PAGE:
A passenger list (51) shows R(aimundo) P(edro) Valle, 40, merchant, with Pedro Valle, 11, arriving in New York City from Liverpool on July 26, 1855 on board the "Atlantic", with Buenos Aires as final destination. This might explain why the family does not appear in the 1855 Buenos Aires Census (conducted October 17), as María Luisa del Valle Halsey had been born there on May 1st and her sister Cecilia the following year, also there. As Thomas Lloyd Halsey had died in Providence in February 1855 maybe the Valle family had gone to the US in that period.
The 1860 US Census (52), conducted on June 2, shows the Valle family in Providence's 1st Ward, maybe living in the Prospect street mansion (the census did not record addresses). Raimund (sic) Valle, 39, gentleman; María L. Valle, 30, and seven children - Pedro (17), Adela (14), Dolores (11), Thomas (10), María L. (5), Cecilia (4) y Fanny (3), all born in Buenos Aires except the youngest, born in Rhode Island, so the family must have arrived to the US between 1856 and 1857. The eldest four went to school. With them lived Negacia Valle, black, 28, born in South America, John Burns, 28, coachman and Mary Gilligan, 30, cook, both Irish.
The 1869 Census, conducted on September 16, finds María Luisa Halsey de del Valle back in Buenos Aires, at Piedad 470 (53), with her daughters María Luisa (as María, 14), Fanny (11) and Carlota (5), and her mother Francisca García, aged 60. Her husband was on his way from the city of Córdoba because their daughter Dolores del Valle Halsey had died there two days before; the death certificate says that her father took her corpse to Buenos Aires the following day (54).
Raimundo Pascual del Valle died in Buenos Aires on August 19, 1887, of softening of the brain (55).
In the 1895 Census, conducted on May 10, María Luisa declared being 72 years old, a widow and sick; living with her where her children Pedro (52), Adela (49), Fanny (36) and Carlota del Valle Halsey (31), all single and born in the US except Adela, born in Uruguay (56). María Luisa died two months later, on July 29, of arteriosclerosis, at her home in Moreno 1620 (57).
CELMIRA (MARÍA MERCEDES) HALSEY
On June 19, 1899, at the Cathedral in the city of Córdoba, Félix de Sarría married Sara Peñaloza; the certificate says that the groom was the son of Santiago de Sarría and Celmira Holsey (58), but Lazcano Colodrero (59) points out that she was "Celmira Halsey, from the United States (sic), the daughter of the first US Minister before the Argentine government."
Celmira Halsey was born in Buenos Aires on September 24, 1822 and was baptized as María Mercedes (60) the following day at San Nicolás de Bari church. The record states she was a child of unknown parents and the godparents were Francisco Ocampo and Anastasia Ponce. Similarly to what happened later with the baptism record of her half-sister María Luisa Halsey, who was fourteen months younger, someone wrote over the original text "illegitimate daughter of Mr. Tomás Holsey from England (sic) and Mrs. Norberta González de Taboada." The writing resembles that of the priest who signed the record, Bernardo José de Ocampo - the same one who would later sign María Luisa's.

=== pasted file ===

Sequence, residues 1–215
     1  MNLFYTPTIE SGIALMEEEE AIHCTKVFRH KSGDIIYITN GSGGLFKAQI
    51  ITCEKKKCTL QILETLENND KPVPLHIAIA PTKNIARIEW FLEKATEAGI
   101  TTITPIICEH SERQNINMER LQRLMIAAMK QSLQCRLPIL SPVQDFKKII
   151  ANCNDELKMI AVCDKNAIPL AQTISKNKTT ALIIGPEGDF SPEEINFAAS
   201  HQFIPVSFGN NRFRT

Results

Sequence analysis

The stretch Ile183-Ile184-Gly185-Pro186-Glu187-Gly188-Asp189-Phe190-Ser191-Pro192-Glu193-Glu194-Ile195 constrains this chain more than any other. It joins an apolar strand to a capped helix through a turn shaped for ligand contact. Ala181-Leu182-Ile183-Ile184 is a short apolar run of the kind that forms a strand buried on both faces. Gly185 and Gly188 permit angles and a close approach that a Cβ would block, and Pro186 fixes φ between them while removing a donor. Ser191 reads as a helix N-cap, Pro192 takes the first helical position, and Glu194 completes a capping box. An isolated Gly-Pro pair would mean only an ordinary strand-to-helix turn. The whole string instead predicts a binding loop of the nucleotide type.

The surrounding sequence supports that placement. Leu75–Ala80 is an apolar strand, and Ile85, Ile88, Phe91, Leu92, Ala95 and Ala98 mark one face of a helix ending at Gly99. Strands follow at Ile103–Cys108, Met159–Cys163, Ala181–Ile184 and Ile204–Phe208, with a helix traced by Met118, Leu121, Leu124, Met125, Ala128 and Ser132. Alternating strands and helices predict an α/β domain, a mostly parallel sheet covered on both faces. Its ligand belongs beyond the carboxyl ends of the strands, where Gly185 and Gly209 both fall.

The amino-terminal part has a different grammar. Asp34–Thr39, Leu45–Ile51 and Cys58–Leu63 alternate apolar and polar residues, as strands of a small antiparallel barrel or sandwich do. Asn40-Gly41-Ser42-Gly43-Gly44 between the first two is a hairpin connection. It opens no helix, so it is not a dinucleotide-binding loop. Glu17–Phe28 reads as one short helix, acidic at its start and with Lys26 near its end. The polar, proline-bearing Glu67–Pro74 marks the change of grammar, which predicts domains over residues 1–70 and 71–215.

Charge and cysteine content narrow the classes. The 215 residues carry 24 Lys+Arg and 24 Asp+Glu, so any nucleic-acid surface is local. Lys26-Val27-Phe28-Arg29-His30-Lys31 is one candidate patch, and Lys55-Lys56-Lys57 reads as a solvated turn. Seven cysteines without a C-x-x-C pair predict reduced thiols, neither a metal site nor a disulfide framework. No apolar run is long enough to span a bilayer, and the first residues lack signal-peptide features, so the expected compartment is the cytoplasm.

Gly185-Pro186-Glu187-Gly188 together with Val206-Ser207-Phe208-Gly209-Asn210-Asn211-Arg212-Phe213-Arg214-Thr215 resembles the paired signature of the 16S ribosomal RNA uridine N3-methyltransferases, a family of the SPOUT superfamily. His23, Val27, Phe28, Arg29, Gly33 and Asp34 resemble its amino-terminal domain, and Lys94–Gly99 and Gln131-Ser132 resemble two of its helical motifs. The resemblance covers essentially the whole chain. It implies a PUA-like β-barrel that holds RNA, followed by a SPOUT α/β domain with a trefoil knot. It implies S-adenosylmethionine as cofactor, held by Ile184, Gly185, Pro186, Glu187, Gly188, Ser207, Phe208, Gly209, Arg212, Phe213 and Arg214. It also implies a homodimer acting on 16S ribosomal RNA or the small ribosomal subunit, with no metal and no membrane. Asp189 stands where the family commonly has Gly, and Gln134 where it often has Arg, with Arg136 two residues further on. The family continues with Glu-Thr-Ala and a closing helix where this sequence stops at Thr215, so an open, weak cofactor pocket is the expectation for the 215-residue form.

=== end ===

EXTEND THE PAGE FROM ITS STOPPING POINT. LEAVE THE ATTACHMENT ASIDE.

Norberta González de Taboada does not appear in the 1855 Census and in documents only as the godmother of six of her grandchildren in their baptism records between 1847 and 1861. Her death record has not been found.
As it will be seen below, the surname appears in many different forms in documents related to Celmira and her sister Josefina: Olsei, Olcey, Orzey, Orzeli, Horse, Olsen, Olse, Olce, Mosley, and as Holsey only in the later ones - never as Halsey. It should be noted that the "a" in Halsey sounds phonetically as the Spanish letter "o". Furthermore, the National Archives in Buenos Aires hold a docket, Nº4873 of the year 1861, labeled "The heirs of Félix Castro vs. the heirs of Thomas Lloyd Halsey" in which the former were claiming the payment of a debt. The file has almost 70 pages and in it Halsey's name is spelled Holsey several times. Unfortunately, none of the heirs in either party are named.
It is not clear when or why Miss Halsey changed her name to Celmira; in the 1850 baptism certificate of her daughter María she appears as María de las Mercedes, but in the other one available, that of her son Roque Santiago, who despite being older was baptized later in 1851, she appears as Celmira, and with that name also in the marriage certificates of her children and in her death record. Her marriage record has not been found.
Despite having had children born in 1850 and 1857 in Buenos Aires, the family does not appear there in the 1855 Census.